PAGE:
On Nov. 22, the Wilderness Committee hosts its annual Climate Fall Supper. The theme will be “The Future of Feasting.” Preceded by a series of workshops, the dinner will be accompanied by a panel discussion featuring sustainable climate experts and practitioners.
Eric Reder, the committee’s wilderness and water campaigner says “The Climate Fall Supper is about bringing community together, so that they are sharing food, passing the salt and having conversations with the people next to them ... that want to work on this.”
The dinner will be ethically sourced and prepared by Diversity Foods. “We are going to talk about what’s on your plate. How did it get there? Why were the decisions made (to put it there)?” Reder says.
Eight pre-dinner workshops will be led by a number of local groups, including Farm Fresh Food Hub, Green Action Centre, Manitoba Master Gardener Association and panelist Brenda Tjaden.
Tjaden is the founder and CEO of Sustainable Grain, a market development firm working in regenerative agriculture. Tjaden will lead a workshop with Lydia Carpenter, who runs a multi-species grazing operation in southern Manitoba, on permaculture and restorative agriculture.
Tjaden says restorative agriculture is intended “to restore healthy grasslands and large animal grazing anywhere that it is possible ... getting all the animals back on the land is how you (can) replace synthetic fertilizer” and regenerate soil sustainably.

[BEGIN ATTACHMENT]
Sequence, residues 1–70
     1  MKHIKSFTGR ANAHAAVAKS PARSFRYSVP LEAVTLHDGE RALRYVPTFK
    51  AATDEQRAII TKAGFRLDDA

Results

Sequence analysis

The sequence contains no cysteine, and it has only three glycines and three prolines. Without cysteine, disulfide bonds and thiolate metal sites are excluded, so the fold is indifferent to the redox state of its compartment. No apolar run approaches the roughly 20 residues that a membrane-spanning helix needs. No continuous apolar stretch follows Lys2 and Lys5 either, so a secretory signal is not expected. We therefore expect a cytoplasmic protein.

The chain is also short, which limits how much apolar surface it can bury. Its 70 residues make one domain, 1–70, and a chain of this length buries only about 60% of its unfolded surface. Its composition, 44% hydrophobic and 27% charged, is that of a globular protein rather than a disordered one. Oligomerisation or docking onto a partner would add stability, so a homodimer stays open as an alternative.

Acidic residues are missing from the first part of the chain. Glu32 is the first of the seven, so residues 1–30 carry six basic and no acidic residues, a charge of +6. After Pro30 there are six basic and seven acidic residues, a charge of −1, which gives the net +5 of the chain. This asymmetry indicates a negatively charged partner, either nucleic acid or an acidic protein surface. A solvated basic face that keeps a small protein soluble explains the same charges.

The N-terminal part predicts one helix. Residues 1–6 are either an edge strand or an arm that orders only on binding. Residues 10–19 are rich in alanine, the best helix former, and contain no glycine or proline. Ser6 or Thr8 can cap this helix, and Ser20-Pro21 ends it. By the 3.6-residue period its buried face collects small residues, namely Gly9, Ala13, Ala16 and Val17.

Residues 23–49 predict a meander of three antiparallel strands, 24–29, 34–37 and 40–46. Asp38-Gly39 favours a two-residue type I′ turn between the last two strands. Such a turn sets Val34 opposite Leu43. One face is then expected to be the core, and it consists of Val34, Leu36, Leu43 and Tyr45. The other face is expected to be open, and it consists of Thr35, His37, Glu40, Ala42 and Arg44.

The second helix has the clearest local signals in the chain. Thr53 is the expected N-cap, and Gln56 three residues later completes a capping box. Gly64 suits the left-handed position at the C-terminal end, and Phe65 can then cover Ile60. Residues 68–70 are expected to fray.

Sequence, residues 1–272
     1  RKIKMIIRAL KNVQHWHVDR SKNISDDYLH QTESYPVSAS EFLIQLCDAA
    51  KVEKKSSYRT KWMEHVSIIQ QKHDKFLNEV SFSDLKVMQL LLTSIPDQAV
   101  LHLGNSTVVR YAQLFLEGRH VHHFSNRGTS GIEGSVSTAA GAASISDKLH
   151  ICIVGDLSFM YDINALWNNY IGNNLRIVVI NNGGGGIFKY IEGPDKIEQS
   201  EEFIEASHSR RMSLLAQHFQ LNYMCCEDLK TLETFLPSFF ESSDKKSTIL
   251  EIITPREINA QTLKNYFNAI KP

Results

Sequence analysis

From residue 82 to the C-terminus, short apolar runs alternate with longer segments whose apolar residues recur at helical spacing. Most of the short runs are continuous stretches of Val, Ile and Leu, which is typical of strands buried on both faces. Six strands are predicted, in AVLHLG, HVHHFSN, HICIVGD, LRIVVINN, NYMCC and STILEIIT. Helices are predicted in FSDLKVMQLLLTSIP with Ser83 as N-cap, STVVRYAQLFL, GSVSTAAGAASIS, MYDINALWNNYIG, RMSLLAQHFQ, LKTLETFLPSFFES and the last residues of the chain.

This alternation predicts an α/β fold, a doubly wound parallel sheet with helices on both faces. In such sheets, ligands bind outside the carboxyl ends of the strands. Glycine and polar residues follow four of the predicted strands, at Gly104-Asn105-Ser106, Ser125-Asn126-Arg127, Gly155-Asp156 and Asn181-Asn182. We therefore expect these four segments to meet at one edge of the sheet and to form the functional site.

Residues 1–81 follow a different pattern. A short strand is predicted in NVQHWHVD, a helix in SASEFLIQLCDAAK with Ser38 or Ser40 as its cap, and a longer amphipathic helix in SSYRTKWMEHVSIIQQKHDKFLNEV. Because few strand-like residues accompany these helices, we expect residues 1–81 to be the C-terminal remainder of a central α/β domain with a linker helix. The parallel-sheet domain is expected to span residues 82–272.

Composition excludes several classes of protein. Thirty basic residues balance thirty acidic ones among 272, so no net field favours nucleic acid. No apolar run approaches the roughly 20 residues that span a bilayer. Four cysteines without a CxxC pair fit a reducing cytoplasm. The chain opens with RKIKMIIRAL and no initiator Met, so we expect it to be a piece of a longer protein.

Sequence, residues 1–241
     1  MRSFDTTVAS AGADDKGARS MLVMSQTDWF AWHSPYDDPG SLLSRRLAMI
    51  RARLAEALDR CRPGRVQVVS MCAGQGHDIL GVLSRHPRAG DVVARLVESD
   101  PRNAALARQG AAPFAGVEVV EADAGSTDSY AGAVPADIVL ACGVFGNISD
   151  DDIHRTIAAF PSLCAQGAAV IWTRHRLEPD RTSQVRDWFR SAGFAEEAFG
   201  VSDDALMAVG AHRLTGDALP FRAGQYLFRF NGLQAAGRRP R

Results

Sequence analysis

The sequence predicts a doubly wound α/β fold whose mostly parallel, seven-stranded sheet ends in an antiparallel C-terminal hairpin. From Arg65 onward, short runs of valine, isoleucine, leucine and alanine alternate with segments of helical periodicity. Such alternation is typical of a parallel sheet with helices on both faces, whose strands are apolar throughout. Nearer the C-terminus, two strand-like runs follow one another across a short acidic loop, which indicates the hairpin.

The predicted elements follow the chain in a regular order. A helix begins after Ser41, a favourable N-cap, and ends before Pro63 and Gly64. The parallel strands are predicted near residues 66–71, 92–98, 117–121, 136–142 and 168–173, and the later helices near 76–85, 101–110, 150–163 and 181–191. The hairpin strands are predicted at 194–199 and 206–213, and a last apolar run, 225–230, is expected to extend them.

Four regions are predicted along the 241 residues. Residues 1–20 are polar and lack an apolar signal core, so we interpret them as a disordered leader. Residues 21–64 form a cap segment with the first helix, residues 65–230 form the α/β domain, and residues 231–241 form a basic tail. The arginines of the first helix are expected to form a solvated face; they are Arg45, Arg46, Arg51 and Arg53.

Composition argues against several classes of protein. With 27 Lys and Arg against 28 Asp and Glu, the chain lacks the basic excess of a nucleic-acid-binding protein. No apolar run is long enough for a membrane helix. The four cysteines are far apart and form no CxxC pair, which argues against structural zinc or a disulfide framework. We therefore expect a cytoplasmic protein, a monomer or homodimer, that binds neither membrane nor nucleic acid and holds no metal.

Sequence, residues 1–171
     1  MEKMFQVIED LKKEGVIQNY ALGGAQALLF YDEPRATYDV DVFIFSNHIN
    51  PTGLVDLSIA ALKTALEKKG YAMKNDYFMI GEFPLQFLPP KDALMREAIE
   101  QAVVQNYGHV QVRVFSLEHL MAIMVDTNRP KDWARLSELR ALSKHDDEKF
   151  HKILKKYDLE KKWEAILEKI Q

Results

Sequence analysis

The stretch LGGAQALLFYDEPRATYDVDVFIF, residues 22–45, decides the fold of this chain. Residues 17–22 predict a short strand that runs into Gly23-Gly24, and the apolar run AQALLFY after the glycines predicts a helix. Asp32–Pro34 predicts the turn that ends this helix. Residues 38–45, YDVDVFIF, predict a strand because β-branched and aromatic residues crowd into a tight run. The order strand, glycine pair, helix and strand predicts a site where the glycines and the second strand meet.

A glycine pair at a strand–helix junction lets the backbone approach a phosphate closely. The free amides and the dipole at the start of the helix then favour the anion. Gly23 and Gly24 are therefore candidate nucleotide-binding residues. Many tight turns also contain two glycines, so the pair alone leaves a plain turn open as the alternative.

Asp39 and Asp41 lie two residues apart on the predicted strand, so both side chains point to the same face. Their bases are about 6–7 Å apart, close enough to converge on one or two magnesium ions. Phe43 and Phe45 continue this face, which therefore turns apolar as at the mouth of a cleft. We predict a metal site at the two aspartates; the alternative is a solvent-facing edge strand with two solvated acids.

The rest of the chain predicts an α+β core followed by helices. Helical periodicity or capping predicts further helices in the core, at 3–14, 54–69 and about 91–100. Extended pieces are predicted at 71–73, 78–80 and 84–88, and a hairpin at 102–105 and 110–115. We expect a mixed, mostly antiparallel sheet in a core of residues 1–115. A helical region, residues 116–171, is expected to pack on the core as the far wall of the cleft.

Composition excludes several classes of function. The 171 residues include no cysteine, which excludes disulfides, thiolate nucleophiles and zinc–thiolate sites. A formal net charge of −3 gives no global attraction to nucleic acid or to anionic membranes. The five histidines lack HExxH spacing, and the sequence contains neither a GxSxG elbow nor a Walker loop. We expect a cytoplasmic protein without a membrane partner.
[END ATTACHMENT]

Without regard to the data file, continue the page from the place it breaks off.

The panel on agribusiness will be held shortly after the meal.
“We really need to have a conversation about what it means to support rural agricultural producers in the future that they need in a climate compromised world.” Reder says.
“These are phenomenally difficult times for rural Manitobans. And what we need to do in Manitoba is build the community that will support those people during that hardship.
“For some farmers, this will be the second summer in a row of an almost absolute failure. (We must start) acknowledging that we are in it really bad, and it is not going to get better. We’re going to have decades like this until we act.”
Event tickets come in a range of prices, with a regular ticket at $75. There are tickets available at $20, making the Climate Fall Supper more accessible, which is a concern for the Wilderness Committee.
“Injustice won’t build the support that’s needed for us to survive this, and that means holding everybody up together. So all of the pieces of accessibility and inclusion are part of the society that is going to survive,” Reder says.
The Future of Feasting: Climate Fall Supper will be held at Red River College at 5 p.m. on Nov. 22. Tickets for the dinner can be purchased on Eventbrite at prices ranging between $20 and $100.